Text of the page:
Light detection and control lie at the heart of many modern device applications, such as the cameras in phones. Using graphene as a light-sensitive material for light detectors offers significant improvements with respect to materials being used nowadays. For example, graphene can detect light of almost any color, and it gives an extremely fast electronic response within one-millionth of a millionth of a second. Thus, in order to properly design graphene-based light detectors, it is crucial to understand the processes that take place inside the graphene after it absorbs light.
A team of European scientists has now succeeded in understanding these processes. Published recently in Science Advances, their work gives a thorough explanation of why, in some cases, graphene conductivity increases after light absorption, and in other cases, it decreases. The researchers show that this behavior correlates with the way in which energy from absorbed light flows to the graphene electrons: After light is absorbed by the graphene, the processes through which graphene electrons heat up happen extremely fast and with a very high efficiency.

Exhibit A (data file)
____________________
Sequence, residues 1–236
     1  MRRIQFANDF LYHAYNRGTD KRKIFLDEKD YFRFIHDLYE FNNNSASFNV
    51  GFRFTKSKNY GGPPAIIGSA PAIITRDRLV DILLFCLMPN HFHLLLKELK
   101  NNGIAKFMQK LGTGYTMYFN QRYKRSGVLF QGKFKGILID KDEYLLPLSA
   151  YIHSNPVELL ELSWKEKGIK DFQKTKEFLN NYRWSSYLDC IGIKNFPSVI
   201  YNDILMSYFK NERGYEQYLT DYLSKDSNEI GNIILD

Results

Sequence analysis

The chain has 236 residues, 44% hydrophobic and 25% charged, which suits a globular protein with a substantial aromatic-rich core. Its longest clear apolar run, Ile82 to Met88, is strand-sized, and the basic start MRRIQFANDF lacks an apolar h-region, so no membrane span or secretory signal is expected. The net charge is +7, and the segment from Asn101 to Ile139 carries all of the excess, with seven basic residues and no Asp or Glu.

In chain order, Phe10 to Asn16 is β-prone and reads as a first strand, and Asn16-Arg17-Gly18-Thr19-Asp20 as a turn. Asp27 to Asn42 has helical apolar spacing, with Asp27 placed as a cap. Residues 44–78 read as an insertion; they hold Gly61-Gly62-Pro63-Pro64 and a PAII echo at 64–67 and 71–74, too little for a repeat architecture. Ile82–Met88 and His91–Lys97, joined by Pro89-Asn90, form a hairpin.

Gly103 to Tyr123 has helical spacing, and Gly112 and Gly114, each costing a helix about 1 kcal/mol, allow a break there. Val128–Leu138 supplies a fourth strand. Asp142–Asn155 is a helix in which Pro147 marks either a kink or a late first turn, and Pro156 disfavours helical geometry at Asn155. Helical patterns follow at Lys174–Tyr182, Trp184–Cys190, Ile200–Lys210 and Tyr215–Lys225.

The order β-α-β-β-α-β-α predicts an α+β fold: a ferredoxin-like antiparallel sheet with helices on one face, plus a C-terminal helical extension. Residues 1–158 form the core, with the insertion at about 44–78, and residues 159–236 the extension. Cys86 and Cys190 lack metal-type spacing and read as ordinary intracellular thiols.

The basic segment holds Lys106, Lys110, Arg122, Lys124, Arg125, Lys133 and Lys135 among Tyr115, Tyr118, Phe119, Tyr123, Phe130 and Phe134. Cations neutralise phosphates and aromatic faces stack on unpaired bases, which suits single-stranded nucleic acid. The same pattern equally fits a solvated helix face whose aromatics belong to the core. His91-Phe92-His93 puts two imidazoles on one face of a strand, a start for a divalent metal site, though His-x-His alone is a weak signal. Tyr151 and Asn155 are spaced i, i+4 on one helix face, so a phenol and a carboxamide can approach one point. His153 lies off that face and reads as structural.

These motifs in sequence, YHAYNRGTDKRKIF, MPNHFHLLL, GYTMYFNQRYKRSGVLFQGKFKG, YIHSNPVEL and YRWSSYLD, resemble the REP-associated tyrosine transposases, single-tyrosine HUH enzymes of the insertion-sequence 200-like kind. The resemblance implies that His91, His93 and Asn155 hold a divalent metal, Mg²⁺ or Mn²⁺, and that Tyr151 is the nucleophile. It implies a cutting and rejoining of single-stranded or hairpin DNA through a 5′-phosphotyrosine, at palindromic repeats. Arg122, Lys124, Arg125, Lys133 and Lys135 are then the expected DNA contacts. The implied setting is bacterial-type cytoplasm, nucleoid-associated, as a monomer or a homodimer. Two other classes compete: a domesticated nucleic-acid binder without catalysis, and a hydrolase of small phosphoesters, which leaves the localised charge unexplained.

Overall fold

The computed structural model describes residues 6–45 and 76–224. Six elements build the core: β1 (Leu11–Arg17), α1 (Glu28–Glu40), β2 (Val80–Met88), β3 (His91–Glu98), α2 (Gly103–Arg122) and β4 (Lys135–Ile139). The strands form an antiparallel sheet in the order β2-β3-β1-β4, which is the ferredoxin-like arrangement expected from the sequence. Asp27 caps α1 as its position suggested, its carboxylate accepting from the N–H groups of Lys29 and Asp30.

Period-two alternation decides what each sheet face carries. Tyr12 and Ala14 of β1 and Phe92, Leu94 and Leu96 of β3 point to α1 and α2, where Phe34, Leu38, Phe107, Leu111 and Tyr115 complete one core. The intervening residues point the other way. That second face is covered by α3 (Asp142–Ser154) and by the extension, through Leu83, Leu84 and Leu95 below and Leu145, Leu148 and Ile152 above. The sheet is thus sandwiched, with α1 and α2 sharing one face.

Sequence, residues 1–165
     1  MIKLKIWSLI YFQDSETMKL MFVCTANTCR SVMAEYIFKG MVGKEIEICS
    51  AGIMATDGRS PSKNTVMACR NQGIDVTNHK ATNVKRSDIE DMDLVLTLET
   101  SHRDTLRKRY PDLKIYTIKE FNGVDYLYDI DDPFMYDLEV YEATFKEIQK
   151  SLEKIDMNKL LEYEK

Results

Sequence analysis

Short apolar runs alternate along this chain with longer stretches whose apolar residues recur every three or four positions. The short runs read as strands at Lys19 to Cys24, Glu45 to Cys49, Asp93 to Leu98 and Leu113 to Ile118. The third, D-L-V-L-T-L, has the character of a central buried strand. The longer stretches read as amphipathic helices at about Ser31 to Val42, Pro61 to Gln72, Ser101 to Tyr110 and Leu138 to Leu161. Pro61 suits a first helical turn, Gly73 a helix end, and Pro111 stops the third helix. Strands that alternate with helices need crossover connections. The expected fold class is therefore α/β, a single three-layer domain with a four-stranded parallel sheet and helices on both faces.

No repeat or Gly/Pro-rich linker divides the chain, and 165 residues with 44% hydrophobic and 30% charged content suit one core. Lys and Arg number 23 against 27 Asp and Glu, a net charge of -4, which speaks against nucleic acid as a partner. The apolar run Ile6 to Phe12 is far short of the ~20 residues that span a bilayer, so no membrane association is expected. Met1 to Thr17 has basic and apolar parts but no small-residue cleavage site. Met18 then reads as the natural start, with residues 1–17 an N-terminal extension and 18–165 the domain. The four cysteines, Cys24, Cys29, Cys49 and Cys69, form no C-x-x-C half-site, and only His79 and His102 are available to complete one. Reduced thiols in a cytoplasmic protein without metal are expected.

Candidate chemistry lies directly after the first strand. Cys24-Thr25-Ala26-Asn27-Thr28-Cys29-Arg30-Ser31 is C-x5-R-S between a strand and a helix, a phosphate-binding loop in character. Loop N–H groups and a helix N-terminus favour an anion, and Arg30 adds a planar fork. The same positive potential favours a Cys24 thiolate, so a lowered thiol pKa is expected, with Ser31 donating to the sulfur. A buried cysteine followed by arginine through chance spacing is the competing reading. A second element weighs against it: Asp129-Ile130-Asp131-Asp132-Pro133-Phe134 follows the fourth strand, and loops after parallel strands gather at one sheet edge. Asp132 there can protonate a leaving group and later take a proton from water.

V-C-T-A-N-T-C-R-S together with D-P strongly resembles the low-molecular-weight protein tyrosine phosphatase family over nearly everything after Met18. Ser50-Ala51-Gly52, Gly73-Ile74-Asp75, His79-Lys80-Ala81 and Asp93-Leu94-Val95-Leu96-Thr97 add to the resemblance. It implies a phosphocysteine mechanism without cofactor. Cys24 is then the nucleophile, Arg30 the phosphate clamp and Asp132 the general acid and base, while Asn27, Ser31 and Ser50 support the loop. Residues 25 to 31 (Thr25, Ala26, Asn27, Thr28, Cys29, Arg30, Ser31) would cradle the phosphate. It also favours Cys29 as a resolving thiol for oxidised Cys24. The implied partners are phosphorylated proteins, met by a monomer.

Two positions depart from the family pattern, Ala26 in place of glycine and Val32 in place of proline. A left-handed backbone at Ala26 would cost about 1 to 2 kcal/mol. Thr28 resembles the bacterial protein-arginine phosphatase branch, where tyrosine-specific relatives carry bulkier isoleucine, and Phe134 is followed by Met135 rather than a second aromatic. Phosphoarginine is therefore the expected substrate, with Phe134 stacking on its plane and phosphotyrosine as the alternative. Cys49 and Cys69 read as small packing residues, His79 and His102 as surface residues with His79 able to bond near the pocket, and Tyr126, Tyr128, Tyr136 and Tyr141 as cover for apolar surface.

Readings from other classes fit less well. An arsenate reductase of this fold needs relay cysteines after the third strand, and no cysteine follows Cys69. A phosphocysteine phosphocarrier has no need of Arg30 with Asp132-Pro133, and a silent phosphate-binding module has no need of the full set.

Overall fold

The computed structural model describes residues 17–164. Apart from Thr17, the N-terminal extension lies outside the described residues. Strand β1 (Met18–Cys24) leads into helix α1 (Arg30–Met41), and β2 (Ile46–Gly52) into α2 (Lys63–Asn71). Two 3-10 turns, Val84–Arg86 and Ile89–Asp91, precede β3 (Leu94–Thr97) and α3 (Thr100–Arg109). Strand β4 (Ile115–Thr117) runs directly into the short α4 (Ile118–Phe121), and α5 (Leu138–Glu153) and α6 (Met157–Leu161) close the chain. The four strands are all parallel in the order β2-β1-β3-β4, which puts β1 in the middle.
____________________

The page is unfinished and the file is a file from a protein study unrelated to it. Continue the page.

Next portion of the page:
For highly doped graphene (where many free electrons are present), ultrafast electron heating leads to carriers with elevated energy—hot carriers—which, in turn, leads to a decrease in conductivity. Interestingly enough, for weakly doped graphene (where not so many free electrons are present), electron heating leads to the creation of additional free electrons, and therefore an increase in conductivity. These additional carriers are the direct result of the gapless nature of graphene—in gapped materials, electron heating does not lead to additional free carriers.
Read more: The photoexcited graphene puzzle solved
thumbnail courtesy of phys.org